Kent law student Claire Splawn explains her role in a groundbreaking asylum case.
Our case involved a claim to the Home Office on behalf of an Afghan atheist client. The client had arrived into the UK at the age of 16 and while he had been brought up a Muslim, had gradually turned to atheism after his arrival.
Our claim entailed evidence arguing that an atheist should be entitled to protection from persecution on the grounds of their belief, just as a religious person is protected. On 6 January 2014, the Home Office granted our client refugee status on the religious grounds that he was atheist.
My involvement in the case included arranging client meetings, review meetings with my supervising solicitor Sheona, researching statutes and case-law that was relevant to the claim, writing up witness statements and eventually, helping to build the 12-page claim we later sent off to the Home Office.
It is difficult to pin down which areas of the case I most enjoyed, as in truth, I was enthralled with it all. Client meetings were insightful and confidence building. I was able to shadow Sheona, watch how she interacted with the client and the kinds of questions she asked. Review meetings were a great place for me to discuss my opinions on the case, and dispel any confusion or uncertainty I may have had regarding elements of the client’s story and our claim on his behalf. Research was particularly fascinating as it allowed me to explore an area of law not simply for the purpose of academia, but in relation to a real-life case. It brought law to life, in a sense.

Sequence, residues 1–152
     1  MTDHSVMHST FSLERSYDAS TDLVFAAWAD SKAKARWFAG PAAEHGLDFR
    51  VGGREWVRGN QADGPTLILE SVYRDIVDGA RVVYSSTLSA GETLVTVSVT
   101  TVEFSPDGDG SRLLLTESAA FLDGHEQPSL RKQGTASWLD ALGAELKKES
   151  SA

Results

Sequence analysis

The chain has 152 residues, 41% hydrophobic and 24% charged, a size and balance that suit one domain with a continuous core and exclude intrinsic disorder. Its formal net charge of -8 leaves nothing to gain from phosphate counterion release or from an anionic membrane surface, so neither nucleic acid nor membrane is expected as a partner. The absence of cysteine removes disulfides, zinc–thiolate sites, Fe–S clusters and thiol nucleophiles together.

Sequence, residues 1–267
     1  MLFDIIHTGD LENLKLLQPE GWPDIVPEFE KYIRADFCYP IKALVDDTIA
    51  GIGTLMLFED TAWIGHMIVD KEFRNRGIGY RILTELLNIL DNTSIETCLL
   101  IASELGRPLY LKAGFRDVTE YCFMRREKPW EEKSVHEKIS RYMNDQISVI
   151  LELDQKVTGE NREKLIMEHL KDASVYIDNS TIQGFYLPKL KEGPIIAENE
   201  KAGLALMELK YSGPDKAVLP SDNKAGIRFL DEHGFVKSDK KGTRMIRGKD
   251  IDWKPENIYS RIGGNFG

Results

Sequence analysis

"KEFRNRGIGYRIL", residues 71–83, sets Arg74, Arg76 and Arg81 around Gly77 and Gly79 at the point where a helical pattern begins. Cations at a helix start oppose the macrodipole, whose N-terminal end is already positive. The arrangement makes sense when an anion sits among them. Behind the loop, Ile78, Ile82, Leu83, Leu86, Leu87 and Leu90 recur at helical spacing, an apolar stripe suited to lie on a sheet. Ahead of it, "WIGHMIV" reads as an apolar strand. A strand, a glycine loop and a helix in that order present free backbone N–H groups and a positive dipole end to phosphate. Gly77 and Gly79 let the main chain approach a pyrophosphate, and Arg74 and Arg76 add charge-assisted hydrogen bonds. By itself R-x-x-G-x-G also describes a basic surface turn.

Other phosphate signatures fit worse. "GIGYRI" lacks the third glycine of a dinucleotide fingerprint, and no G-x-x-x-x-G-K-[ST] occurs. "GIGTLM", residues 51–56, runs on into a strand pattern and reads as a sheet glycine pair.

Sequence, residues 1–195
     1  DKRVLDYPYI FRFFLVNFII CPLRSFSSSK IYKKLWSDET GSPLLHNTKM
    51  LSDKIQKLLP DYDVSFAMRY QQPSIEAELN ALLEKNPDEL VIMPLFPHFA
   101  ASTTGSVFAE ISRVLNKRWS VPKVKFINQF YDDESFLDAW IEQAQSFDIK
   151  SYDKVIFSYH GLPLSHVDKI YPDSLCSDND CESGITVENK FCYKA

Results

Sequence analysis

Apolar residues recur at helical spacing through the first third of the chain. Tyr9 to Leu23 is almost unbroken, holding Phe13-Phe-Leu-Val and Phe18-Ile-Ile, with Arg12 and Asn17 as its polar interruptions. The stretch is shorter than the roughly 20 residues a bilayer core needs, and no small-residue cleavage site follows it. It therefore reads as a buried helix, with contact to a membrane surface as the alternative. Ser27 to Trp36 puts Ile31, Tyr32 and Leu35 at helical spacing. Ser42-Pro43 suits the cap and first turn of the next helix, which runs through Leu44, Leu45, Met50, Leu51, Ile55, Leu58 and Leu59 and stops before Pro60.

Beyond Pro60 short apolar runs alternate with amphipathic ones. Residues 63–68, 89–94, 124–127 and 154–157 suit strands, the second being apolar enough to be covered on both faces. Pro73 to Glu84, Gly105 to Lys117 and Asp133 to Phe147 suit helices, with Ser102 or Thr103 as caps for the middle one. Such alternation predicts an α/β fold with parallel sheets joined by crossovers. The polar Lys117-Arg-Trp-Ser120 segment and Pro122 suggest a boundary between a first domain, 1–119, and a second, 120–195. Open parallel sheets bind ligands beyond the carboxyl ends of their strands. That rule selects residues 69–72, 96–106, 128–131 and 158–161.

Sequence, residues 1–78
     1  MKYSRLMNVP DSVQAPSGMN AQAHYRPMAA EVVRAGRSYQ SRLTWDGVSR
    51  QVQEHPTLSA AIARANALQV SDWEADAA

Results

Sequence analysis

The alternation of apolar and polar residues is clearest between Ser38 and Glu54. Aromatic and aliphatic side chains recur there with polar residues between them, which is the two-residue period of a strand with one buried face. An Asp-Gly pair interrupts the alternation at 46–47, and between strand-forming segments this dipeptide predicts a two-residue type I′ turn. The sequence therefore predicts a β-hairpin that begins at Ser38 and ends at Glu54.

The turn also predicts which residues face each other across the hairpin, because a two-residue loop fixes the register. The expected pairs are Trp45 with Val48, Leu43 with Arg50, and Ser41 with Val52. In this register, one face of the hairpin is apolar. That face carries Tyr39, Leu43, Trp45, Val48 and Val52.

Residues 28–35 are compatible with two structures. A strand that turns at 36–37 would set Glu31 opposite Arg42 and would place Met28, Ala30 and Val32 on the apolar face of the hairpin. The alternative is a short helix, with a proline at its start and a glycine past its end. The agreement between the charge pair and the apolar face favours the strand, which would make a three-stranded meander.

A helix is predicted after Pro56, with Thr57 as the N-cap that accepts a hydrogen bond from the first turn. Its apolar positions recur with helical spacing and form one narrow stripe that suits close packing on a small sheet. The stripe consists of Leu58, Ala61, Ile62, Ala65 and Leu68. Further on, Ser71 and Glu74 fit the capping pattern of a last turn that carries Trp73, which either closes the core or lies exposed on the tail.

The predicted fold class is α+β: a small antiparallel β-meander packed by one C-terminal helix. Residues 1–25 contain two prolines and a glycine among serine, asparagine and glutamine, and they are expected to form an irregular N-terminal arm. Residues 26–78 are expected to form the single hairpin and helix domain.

Witness statements were equally enjoyable to write up, as they helped me develop a keen attention to detail and the importance of knowing your client’s story. Lastly, building the final claim was some of the most difficult yet rewarding work I have ever done.
It was unbelievably challenging, as it required me to expand my writing skills from an academic essay style, to a compelling written compilation of evidence, research and case detail upon which the decision would be made about the next years of our client’s life. No pressure, right? But really, it was worth every moment.
I was told at the beginning of my work at the Law Clinic (and I think this applies generally in the legal career) that in relation to casework, you will win some and lose some. Even if we had lost the case, I would do it all over again. There is an incredible sense of achievement in knowing that you had even the smallest hand in fighting for someone else’s right, to religious beliefs or otherwise. The experience I have gained through the Law Clinic thus far has been invaluable, and I can’t thank everyone enough for the work they put in to fight for those in the local community.
Claire Splawn is a second-year law student at the University of Kent